The contorted posturing and compromising by both Boehner and McConnell cannot be construed as anything other than their best effort to thread the needle between giving the Democrats whatever they wanted (This, we are told, is just how they do things in Washington) and feigning enough resistance to convince those on the right that they had indeed attempted to achieve the best possible deal. Somewhere in the distant past, any real recognition of the dire financial straits facing the nation, and the need to take tangible action to avoid such a fate, was completely abandoned. America now continues careening towards fiscal catastrophe, and it can take little encouragement from the insipid assurances that, some time well past the middle of the decade, Congress will suddenly start making those tough choices that it refuses to make at present.
But instead of owning up to this fiasco that they allowed, Republicans are insulting the nation with the latest, desperate RINO talking points. In no way should America be consoled by the excuse that they “did the best they could” under the circumstances, since they “only control one third of the government.” As the majority party in the House of Representatives, they are constitutionally mandated to be in 100% control of the nation’s purse strings. This should be firewall enough to prevent the sort of meltdown suffered by fiscally irresponsible European socialist states, and which increasingly looks to be this nations’ future.
It is true that they have neither the Senate majority nor the White House. But sadly, rather than rising to the occasion and fulfilling their role as the “worthy opposition party,” Republicans under the current leadership have degenerated into the “compliance party.”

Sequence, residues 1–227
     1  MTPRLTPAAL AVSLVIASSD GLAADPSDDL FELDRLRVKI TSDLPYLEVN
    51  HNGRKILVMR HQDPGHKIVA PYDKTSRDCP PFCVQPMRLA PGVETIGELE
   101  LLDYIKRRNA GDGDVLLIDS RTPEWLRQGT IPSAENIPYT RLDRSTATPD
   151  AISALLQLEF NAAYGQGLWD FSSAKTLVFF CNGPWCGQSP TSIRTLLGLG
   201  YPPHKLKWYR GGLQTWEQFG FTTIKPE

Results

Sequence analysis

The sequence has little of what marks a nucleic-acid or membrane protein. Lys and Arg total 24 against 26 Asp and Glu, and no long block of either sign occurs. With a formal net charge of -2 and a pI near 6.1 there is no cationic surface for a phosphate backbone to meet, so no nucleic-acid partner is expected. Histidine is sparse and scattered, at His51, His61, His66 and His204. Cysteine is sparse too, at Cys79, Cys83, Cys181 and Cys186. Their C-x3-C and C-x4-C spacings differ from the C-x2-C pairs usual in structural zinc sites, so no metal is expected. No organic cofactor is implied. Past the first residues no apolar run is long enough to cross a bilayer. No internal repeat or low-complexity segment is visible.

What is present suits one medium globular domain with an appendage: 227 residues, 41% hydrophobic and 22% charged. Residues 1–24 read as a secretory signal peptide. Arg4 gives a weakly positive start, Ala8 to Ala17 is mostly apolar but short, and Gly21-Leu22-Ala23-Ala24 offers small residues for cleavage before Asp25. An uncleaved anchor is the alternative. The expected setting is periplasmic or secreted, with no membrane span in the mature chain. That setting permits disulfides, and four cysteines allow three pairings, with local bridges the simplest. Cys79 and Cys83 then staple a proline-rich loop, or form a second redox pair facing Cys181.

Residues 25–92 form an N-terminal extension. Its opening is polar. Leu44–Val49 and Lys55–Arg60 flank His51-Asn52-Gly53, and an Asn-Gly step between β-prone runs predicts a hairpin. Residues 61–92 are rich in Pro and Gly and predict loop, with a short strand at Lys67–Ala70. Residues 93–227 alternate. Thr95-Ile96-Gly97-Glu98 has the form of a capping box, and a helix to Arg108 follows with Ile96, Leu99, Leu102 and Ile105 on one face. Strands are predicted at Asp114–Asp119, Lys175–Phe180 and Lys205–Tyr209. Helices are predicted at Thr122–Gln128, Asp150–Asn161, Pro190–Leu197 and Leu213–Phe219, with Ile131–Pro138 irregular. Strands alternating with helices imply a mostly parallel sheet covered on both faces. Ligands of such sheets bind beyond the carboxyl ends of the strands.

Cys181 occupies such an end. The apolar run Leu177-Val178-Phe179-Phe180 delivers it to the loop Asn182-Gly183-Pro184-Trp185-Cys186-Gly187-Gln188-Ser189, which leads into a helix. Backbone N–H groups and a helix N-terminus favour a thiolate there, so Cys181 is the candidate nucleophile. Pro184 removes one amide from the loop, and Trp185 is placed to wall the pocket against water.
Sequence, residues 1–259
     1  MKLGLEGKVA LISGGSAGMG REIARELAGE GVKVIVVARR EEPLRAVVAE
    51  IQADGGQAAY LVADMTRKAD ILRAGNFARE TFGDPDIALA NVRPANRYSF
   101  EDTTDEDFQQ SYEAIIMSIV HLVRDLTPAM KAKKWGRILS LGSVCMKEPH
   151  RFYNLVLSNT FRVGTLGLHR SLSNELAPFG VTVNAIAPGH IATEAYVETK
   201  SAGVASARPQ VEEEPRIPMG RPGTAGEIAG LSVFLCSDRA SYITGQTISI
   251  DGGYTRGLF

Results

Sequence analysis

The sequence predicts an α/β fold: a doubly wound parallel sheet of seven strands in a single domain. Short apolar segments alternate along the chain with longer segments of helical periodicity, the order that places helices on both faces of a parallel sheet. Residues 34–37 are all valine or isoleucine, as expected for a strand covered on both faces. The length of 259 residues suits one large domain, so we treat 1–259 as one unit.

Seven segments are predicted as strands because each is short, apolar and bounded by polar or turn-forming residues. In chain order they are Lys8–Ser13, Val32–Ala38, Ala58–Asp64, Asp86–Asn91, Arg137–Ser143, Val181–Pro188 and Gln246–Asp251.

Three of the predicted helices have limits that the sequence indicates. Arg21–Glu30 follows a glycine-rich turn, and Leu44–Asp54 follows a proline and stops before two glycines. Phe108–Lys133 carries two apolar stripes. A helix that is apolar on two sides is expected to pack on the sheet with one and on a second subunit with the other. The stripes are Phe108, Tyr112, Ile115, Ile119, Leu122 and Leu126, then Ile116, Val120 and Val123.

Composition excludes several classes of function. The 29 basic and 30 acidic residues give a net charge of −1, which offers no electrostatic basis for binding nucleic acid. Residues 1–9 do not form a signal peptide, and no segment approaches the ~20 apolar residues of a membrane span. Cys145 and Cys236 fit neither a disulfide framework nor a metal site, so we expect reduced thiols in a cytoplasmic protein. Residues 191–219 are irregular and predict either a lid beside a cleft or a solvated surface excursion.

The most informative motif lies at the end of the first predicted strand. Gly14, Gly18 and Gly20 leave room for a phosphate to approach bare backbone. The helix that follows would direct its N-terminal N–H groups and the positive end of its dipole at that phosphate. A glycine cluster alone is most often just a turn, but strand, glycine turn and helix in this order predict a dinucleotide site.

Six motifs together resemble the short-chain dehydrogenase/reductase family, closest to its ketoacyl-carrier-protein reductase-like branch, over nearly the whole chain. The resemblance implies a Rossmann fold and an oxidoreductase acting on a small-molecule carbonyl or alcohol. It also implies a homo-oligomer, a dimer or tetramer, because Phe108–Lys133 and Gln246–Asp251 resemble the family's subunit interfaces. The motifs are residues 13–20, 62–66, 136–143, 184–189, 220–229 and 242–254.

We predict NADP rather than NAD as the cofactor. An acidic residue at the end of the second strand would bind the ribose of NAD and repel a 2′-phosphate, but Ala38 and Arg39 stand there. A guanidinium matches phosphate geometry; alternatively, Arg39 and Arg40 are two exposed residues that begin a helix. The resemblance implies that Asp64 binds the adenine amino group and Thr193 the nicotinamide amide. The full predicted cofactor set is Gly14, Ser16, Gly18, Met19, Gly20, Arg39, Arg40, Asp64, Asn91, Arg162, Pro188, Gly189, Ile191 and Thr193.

Not surprisingly, while the bond ratings services have for the moment maintained the United States in the “AAA” category, they concurrently intone that this status faces a real threat of being downgraded. In other words, the immediate “crisis” has been diverted, but since no concrete action is being implemented or even proposed to avert inevitable further accumulations of insurmountable debt, the long-term prospects for a stable financial assessment of the nation are bleak.
Aside from giving yet another “transfusion” of borrowed capital to keep Obama from owning up to his criminally irresponsible actions of the past two and a half years, no substantive effort was made to abate the hemorrhaging of America’s financial resources. Thus, the ultimate outcome of this scenario is not in question. Only the timetable remains to be determined.
In an attempt to appear principled and resolved, Mitch McConnell contended as recently as July 12 that “As long as this president is in the Oval Office, a real solution is unattainable.” Yet in light of the realities of the debt limit increase subsequently supported by himself and Speaker Boehner, abetted by their insipid and purely symbolic plans to reduce spending… someday, it is obvious that no fix is possible as long as the current Republican “leadership” or their accommodating minions remain in the Congress. America’s next opportunity to implement a real solution will be in the upcoming Republican Congressional and Senate Primaries.